New Antitumor Therapies Licensed by Open Therapeutics May Safely Deliver Chemotherapy Agents

New Antitumor Therapies Licensed by Open Therapeutics May Safely Deliver Chemotherapy Agents
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A new class of anticancer drugs developed by researchers at Nationwide Children’s Hospital will be licensed by Open Therapeutics, according to a company announcement.

The drug, amphiphilic amines (RCn), has shown promise against human cancer cell lines and mouse models of cancer, including pediatric and adult lymphoma, neuroblastoma, and sarcoma.

“We are excited about this small molecule drug opportunity. Making it freely available to the global research community can fundamentally change the way therapeutics are developed and delivered to the world’s population of patients,” Jason E. Barkeloo, chairman of Open Therapeutics, said in a news release.

The drugs’ beneficial effects were recently described in a previous study, where researchers demonstrated that one particular derivative of RCn, called RC16, was the most active compound, showing 10 times more activity against tumor cells than healthy cells.

In addition, due to its particular properties — they are formed by a water-soluble part and a water-insoluble part — amphiphilic amines can organize into lipid structures with the ability to carry approved anticancer chemotherapy drugs, including Adriamycin (doxorubicin), VePesid (etoposide), and Taxol (paclitaxel). This suggests they can provide a new means to safely deliver chemotherapy agents specifically into cancer cells.

Dr. Timothy P. Cripe, MD, PhD, RCn co-investigator and developer, and principal investigator at Columbus, Ohio’s Nationwide Children’s Hospital Center for Childhood Cancer and Blood Diseases, said “RCn represents a novel type of therapy that destroys the energy centers of the cancer cells.”

In fact, RCn targets specific residues found in the mitochondria of cancer cells and induced damage to these organelles, markedly reducing the cell’s ability to produce energy.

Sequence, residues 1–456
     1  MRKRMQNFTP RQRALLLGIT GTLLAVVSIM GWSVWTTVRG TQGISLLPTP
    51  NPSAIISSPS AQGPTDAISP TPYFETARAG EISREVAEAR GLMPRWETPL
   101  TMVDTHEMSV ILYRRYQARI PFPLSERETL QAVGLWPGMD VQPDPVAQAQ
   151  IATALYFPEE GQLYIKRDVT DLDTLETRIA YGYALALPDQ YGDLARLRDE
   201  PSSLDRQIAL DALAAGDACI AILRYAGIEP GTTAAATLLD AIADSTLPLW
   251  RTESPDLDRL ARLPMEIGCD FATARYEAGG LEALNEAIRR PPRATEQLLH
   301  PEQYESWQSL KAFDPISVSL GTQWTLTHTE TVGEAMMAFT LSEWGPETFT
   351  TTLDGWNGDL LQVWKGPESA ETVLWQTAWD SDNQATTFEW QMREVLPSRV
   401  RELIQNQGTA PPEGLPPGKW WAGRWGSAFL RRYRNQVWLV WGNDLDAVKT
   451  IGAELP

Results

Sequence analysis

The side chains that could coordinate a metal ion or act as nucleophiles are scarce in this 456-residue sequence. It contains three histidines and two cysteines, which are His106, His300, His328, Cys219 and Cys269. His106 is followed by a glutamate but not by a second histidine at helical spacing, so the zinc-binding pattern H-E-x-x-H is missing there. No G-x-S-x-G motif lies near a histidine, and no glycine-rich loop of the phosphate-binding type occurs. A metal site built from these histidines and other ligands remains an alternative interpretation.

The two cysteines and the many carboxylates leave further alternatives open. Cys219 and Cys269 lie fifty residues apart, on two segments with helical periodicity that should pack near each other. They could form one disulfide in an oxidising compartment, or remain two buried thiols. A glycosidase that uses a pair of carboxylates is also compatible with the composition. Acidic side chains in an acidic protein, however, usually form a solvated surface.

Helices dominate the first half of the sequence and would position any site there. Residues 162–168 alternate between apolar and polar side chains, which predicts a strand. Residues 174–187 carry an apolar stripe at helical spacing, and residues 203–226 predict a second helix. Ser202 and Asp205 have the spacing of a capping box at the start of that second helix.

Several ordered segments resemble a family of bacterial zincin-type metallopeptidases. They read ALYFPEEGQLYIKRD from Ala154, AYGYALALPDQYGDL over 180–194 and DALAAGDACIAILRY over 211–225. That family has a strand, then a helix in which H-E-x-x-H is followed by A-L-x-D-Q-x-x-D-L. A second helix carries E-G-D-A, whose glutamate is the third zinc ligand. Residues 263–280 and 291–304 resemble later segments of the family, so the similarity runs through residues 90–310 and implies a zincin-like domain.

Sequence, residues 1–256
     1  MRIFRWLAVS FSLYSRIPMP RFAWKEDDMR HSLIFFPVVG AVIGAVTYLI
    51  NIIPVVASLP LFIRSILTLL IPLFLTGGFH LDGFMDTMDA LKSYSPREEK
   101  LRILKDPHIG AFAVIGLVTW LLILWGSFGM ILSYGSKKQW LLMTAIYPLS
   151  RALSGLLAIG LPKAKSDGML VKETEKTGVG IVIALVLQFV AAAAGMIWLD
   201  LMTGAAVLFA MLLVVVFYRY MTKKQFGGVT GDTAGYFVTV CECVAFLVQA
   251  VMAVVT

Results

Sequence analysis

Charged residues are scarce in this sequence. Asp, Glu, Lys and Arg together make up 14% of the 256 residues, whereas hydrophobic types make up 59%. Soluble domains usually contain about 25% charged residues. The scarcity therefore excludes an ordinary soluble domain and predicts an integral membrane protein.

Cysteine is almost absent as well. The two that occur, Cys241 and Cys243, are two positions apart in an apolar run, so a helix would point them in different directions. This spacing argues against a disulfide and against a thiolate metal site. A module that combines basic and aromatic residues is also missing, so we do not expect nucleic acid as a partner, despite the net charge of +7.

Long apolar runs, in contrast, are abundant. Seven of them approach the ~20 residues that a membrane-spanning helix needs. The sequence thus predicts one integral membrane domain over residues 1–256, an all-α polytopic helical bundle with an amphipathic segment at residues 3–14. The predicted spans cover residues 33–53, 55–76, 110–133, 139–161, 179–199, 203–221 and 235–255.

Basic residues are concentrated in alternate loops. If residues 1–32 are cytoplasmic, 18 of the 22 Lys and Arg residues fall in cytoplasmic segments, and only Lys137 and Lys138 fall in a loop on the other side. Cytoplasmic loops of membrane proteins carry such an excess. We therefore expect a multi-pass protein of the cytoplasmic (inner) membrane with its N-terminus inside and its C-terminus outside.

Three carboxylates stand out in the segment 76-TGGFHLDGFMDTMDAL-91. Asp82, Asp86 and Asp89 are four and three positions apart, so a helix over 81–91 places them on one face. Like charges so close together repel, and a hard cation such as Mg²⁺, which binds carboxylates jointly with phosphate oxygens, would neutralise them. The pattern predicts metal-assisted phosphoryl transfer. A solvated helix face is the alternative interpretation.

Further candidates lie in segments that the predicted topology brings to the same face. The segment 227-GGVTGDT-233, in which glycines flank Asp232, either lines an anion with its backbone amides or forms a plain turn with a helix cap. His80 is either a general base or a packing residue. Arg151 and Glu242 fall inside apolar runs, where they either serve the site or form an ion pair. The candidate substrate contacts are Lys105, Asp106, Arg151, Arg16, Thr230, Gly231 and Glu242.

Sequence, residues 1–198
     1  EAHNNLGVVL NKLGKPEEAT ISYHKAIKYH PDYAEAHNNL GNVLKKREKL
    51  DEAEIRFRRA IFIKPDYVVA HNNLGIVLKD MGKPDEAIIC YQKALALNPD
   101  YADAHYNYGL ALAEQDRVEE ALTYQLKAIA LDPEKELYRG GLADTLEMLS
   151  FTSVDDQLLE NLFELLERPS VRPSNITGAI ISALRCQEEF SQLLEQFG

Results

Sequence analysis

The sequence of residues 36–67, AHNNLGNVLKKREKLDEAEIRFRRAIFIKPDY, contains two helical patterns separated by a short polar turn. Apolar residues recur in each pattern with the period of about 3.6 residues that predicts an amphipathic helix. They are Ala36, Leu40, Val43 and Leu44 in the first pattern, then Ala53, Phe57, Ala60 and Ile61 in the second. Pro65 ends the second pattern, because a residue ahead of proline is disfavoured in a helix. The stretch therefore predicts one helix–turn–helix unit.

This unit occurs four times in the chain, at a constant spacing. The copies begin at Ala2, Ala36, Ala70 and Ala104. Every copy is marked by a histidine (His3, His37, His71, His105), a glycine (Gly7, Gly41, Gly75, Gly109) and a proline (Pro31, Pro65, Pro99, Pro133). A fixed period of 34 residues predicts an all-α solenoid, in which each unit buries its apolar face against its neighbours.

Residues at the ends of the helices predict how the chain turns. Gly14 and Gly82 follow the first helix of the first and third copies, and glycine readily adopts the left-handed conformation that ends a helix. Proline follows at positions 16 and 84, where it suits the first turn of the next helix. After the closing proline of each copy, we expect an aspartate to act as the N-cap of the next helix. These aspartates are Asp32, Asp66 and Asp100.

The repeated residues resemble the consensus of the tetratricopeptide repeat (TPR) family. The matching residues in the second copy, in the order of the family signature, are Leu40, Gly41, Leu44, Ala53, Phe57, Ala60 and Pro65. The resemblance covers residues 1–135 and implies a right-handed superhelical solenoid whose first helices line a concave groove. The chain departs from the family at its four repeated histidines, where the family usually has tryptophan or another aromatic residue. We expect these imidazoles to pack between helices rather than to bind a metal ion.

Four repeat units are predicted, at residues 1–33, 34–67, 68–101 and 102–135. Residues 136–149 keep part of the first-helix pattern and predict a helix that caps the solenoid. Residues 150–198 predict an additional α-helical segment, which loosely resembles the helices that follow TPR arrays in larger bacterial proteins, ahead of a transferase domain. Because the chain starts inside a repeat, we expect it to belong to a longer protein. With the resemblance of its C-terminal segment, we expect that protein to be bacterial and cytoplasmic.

“An important aspect of RCn is its ability to accumulate into the mitochondria of cancer cells, thereby disrupting their metabolism and inducing apoptosis, that is a form of cell suicide,” said Isabella Orienti, PhD, professor of pharmacy and biotechnology at the University of Bologna in Italy, the RCn primary investigator and developer.

“In addition, RCn may function as a micellar nanocarrier for traditional antitumor drugs, allowing the combination of a mitochondria-directed therapy with the conventional antitumor therapy,” she said.

“Our collaboration with the team at Nationwide Children’s Hospital is a first great example of how open licensing can quickly broaden the availability of new therapies,” said Open Therapeutics CEO Jerome Hamilton. “As our platform grows and these new cooperative philosophies gain traction, we look forward to supporting further development of such treatments.”

Inês holds a PhD in Biomedical Sciences from the University of Lisbon, Portugal, where she specialized in blood vessel biology, blood stem cells, and cancer. Before that, she studied Cell and Molecular Biology at Universidade Nova de Lisboa and worked as a research fellow at Faculdade de Ciências e Tecnologias and Instituto Gulbenkian de Ciência. Inês currently works as a Managing Science Editor, striving to deliver the latest scientific advances to patient communities in a clear and accurate manner.
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Inês holds a PhD in Biomedical Sciences from the University of Lisbon, Portugal, where she specialized in blood vessel biology, blood stem cells, and cancer. Before that, she studied Cell and Molecular Biology at Universidade Nova de Lisboa and worked as a research fellow at Faculdade de Ciências e Tecnologias and Instituto Gulbenkian de Ciência. Inês currently works as a Managing Science Editor, striving to deliver the latest scientific advances to patient communities in a clear and accurate manner.
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